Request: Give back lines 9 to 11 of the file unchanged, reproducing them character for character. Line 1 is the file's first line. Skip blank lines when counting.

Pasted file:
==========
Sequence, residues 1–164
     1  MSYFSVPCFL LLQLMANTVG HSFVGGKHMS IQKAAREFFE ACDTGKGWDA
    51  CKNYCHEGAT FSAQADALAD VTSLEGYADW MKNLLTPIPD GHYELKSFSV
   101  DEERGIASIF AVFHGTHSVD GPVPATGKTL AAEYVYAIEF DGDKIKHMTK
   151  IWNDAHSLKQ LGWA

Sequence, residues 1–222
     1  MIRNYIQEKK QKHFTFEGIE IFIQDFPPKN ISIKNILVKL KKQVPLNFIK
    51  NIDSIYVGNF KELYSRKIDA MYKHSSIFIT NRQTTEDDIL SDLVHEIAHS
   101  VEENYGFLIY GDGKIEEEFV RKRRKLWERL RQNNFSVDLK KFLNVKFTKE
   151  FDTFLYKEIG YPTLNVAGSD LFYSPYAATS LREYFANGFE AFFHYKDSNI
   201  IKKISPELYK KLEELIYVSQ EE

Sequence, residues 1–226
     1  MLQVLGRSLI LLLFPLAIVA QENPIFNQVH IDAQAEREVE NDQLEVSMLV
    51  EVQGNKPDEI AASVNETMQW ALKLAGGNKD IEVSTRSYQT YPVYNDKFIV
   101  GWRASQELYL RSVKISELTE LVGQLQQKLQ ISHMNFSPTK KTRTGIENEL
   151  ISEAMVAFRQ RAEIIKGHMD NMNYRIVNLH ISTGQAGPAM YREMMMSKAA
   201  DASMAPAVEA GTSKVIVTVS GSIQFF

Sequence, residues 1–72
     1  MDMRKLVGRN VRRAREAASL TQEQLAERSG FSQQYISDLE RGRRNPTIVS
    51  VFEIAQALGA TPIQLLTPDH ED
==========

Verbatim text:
   101  VEENYGFLIY GDGKIEEEFV RKRRKLWERL RQNNFSVDLK KFLNVKFTKE
   151  FDTFLYKEIG YPTLNVAGSD LFYSPYAATS LREYFANGFE AFFHYKDSNI
   201  IKKISPELYK KLEELIYVSQ EE